To determine whether the protection of qualified immunity should apply, courts use a two step test articulated by the Supreme Court that largely favors the officer or agency involved. For example, in a case alleging excessive force associated with the use of an ECD, a court must first address whether the officer’s conduct violated a constitutional right analyzed under the 4th Amendment’s objective reasonableness standard discussed above, that is, whether the officer acted reasonably under the circumstances at the moment, not in 20/20 hindsight. Only if the court finds that the officer in fact violated the suspect’s 4th Amendment right does the court move to the second step of the analysis which seeks to determine whether immunity should still operate to shield the officer from liability. Under the second step, to ultimately deny the officer qualified immunity, the court must find that it was clear to the officer that his conduct was unlawful. Thus, the doctrine of qualified immunity is broad in scope and serves to protect all “except the plainly incompetent or those who knowingly violate the law.”8

    Mitigating ECD Liability
    The number of injuries and deaths occurring in conjunction with the use of an electronic control device prompted law and policy makers at all levels to seek input from local citizens, advisory groups and special studies regarding the implementation and continued use of ECDs particularly by law enforcement agencies. As a result, many insights into the development of sound policies, procedures, and training curricula for the use of ECDs have evolved and warrant consideration by all agencies as methodologies to promote sound and safe practices in the use of ECDs, but also as measures to prevent or dissuade litigation alleging ECD related injuries.

    Comprehensive and documented training programs and procedures are key defenses against qualified immunity challenges and civil liability aimed at agencies. An officer well-trained in how and when to use an ECD is less likely to run afoul of a suspect’s constitutional rights. Policy makers are advised to seek opportunities to educate the public regarding the use of ECDs and promote their agency’s commitment to the safe and prudent use of the devices. Medical experts have articulated recommendations for consideration such as limiting the number of ECD “doses,” avoiding usage against high-risk individuals like the elderly, young and pregnant women and implementing training to help law enforcement officers identify and manage high-risk individuals.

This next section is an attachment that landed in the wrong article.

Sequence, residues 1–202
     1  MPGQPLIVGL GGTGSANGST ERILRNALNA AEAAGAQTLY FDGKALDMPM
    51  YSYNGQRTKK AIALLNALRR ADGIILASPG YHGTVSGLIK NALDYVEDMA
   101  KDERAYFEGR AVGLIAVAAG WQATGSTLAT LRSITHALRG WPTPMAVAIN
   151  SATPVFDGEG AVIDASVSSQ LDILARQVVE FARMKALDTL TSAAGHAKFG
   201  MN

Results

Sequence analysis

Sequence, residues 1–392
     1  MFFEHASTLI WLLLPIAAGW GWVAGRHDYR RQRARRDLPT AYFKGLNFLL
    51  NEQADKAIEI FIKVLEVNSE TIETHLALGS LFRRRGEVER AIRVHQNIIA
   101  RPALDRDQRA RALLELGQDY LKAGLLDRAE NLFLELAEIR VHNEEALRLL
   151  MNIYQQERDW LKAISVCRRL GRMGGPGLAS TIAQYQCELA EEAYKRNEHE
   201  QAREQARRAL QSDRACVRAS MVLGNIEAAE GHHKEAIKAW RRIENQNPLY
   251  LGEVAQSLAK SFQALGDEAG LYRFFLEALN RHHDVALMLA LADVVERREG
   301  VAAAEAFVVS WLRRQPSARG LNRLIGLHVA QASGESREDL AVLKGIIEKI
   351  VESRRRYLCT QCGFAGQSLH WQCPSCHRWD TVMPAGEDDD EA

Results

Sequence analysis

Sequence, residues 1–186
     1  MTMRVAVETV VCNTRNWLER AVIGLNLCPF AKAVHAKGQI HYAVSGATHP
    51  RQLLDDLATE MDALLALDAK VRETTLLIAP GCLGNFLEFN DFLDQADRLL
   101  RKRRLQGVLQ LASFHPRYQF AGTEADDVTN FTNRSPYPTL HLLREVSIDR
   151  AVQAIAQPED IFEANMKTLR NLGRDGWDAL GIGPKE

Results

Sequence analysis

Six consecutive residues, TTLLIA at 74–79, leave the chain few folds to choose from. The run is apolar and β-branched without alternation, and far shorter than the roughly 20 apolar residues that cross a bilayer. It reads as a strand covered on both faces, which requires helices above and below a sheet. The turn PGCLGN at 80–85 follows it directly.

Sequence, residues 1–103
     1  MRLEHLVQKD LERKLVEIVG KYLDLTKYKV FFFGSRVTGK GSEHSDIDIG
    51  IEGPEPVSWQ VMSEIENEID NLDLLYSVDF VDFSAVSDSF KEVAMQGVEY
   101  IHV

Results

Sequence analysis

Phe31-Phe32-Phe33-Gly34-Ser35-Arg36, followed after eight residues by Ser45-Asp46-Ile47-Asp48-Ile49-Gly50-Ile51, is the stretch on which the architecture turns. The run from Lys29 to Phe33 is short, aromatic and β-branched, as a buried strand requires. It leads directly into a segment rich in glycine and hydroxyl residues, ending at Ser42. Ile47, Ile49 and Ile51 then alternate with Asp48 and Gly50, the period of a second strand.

Individuals diagnosed as suffering from “excited delirium” have been identified as particularly high-risk individuals. Policies and training directing law enforcement officers to immediately contact EMS if an ECD is used on a high-risk person have proven effective in preventing subsequent injury or death. For example, in October 2006, Miami-Dade Fire Rescue implemented a pilot program implementing an “electronic control device protocol” to provide special medical attention to people under the effect of drug-induced “excited delirium” or subjects exhibiting signs of a stimulant overdose when shot by electronic stun guns. Medical treatment might include administration of a fast-acting sedative spray to calm the subject if still agitated before injecting iced saline solution to lower body temperatures—often as high as 108º—an effect of the ingested drug, not the EMD device, and sodium bicarbonate to counteract acids released by tensed muscles. Since implementation through June 2007, the protocol has been used at least 17 times with no resulting deaths.

    Additionally, law enforcement agencies should utilize the substantial experience of numerous organizations and benefit from the experience of other agencies. By example, the International Association of Chiefs of Police (IACP) in collaboration with the Montgomery County Maryland Police Department and with grant support from the National Institute of Justice, has developed “Electro-Muscular Disruption Technology: A Nine-Step Strategy For Effective Deployment,” a brief that includes assistance to law enforcement in developing policies, procedures, and training curricula for EMD device use. Similarly, the Less Lethal Working Group (LLWG) maintains a website created to assist local, state and federal law enforcement agencies in developing, implementing and enhancing the use of all less lethal technologies. Sound policies and programs detailing the appropriate and proper use of electronic control devices protect law enforcement agencies and officers and the public they serve.